For further details on managing the threat of a ransomware attack and mounting an effective response, there are further articles available on our cybersecurity hub
Question: Has there been an increase in cyberattacks since the start of the Covid-19 pandemic?
Yes, there was a fivefold increase in cyberattacks in 2020 over 2019 levels. The destructiveness of the attacks is also increasing. Seven years ago, less than 1% of all cyberattacks were disruptive or destructive in nature, that figure rose to more than 18% in 2020.
Question: Are cybercriminals becoming more sophisticated in their methods?
There has been some increase in sophistication but not of any great significance. When cybersecurity events are investigated the methods tend to be quite rudimentary. While malware can be tricky and can evade certain defences, organisations can still protect themselves through quite basic hygiene measures. Ensuring that systems are kept up to date and patched is part of that. But building a culture of cyber awareness among employees is probably most important.
Question: How can organisations embed a culture of cyber vigilance?
Tone at the top is critically important. It starts with the Board and the C-Suite and their administration staff. They have to be seen to role model the right behaviours and communicate what good cybersecurity looks like. That is key to establishing a culture of security by design in an organisation.
Question: What other measures can organisations take to defend themselves against cyberattacks?
There is clear evidence of a strong link between IT hygiene and security excellence. Studies show that the organisations with fewest serious cyber breaches tend to be those that had invested in methodologies like IT Infrastructure Library (ITIL). These are not security frameworks they are IT optimisation frameworks. They enable organisations to understand their assets, to patch them when necessary, manage their configuration and update them. One of the first places to start to fix the security problem is within the IT department and striving for excellence in the management of the IT infrastructure.
Question: Is there such a thing as a complete defence against cyberattack?
No. That’s not possible unless an organisation has no IT infrastructure at all. Organisations can’t exist without some incidents and if they do, it’s difficult to see how they can effectively use IT to support the business because they have locked themselves down so tightly. The key KPI to look for from your security team is increasing attack numbers – that reflects what’s happening in the real world. It shows that the IT team is aware and tuned in to the threat landscape. And the number of impactful events should be going down as a result of your security measures.
Question: What should an organisation do in response to a ransomware attack?
There are certain basic IT steps to take such as taking a photograph of the ransom note, isolating the workstation where it appeared, making sure back-ups haven’t been affected and so on. Ultimately, every organisation needs a ‘Response Run-book’, that takes over to deal with the shock and implement the initial best course of action.
Beyond IT, the first thing to do is call either external or internal legal counsel. You should establish if communications in relation to the event enjoy legal privilege and the implications of that. Do you need non-disclosure agreements signed by people within the organisation as well as external partners?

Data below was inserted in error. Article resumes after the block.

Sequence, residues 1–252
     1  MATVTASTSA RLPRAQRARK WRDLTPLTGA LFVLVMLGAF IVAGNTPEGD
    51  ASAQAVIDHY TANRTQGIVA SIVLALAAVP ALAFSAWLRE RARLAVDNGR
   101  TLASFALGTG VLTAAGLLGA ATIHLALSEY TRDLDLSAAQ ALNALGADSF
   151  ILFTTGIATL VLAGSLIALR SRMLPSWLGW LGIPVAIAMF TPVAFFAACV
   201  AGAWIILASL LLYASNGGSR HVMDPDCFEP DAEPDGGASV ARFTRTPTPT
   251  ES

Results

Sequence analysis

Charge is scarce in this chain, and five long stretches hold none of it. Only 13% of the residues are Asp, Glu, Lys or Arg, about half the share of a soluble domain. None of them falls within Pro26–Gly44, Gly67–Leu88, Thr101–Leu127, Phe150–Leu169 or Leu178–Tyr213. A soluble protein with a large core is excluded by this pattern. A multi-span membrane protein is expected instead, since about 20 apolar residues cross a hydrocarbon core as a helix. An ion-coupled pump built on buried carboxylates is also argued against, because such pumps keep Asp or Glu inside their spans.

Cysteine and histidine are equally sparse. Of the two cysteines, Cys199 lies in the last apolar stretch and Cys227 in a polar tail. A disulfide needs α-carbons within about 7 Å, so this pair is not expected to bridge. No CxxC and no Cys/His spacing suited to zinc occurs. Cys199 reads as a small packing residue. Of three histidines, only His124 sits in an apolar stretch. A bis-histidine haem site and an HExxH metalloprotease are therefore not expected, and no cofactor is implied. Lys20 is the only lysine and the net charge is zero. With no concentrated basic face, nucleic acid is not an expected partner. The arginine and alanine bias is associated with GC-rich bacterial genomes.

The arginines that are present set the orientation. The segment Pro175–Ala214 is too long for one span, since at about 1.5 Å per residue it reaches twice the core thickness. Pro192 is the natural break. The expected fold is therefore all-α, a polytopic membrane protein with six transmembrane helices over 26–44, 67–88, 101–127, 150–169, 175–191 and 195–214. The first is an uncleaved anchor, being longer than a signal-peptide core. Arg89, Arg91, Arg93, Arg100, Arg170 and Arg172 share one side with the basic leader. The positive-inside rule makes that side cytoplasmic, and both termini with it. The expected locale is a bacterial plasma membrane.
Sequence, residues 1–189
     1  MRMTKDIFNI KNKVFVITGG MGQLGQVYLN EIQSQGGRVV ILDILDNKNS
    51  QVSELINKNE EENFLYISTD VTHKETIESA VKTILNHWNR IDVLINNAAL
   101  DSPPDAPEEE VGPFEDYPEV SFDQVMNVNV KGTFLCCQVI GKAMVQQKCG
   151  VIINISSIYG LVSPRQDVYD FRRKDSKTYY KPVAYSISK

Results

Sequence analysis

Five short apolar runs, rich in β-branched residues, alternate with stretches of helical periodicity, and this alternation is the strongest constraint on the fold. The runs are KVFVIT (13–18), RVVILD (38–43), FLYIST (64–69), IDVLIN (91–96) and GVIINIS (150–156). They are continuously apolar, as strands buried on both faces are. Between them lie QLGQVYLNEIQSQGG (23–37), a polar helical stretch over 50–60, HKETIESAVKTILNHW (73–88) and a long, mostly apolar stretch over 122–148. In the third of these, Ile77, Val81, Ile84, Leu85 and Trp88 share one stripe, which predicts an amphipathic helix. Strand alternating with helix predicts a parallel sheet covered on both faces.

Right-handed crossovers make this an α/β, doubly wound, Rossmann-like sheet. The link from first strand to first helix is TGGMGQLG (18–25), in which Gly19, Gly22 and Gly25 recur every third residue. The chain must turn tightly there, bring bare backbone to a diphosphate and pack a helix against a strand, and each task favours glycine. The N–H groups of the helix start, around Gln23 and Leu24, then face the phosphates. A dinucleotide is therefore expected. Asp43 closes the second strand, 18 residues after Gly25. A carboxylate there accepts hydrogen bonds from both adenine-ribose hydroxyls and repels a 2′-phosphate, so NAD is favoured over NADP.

You should also work with the PR and marketing departments to ensure they are ready to proactively or reactively address the communication requirements with external stakeholders.
Your insurers need to be called in as they will have a key role to play in any ransom decisions. Third party forensic expertise should also be enlisted to assist in the investigation into the incident.
Question: Who should lead the response? Should it be the CEO, CISO or some other executive?
It doesn’t really matter who leads the response. They don’t even necessarily need to have IT expertise as long as they possess certain key characteristics. They have to be calm, the type of person who is able to manage lots of spinning plates at the same time. They need to be able to tell people what to do and what not to do in a calm fashion. They also need to be comfortable telling the truth. It’s a frenetic time and the board and the c-suite are going to demand answers in relation to what happened and how it has impacted the organisation. The answer has to be that you don’t know and you’re probably not going to know for at least three weeks and the full picture could take months or years to emerge. 90% of incidents never get to a conclusion as the organisations simply don’t have the logs and evidence required to ever get to an answer.
Question: What are the practical steps to recovery after a ransomware attack?
It’s a three-part journey with all elements occurring in parallel. The first is to get in an expert negotiator who will work with the attackers. They will get samples of data or decryption keys to establish ‘proof of life’ – that these people are who they say they are.
The second is to look at your back-ups and establish if they can be used for recovery. It may not be a question of using the last good backup, the hacker may have got into earlier back-ups or into the storage system so you may have to go back three or four versions. You also have to establish if you can bring back the data without access to the infrastructure and applications that hosted it.
The third is to look at what ‘starting from scratch’ looks like if that offers real prospects for recovery and how long it would take.
You have to test all three and establish what is best for your organisation.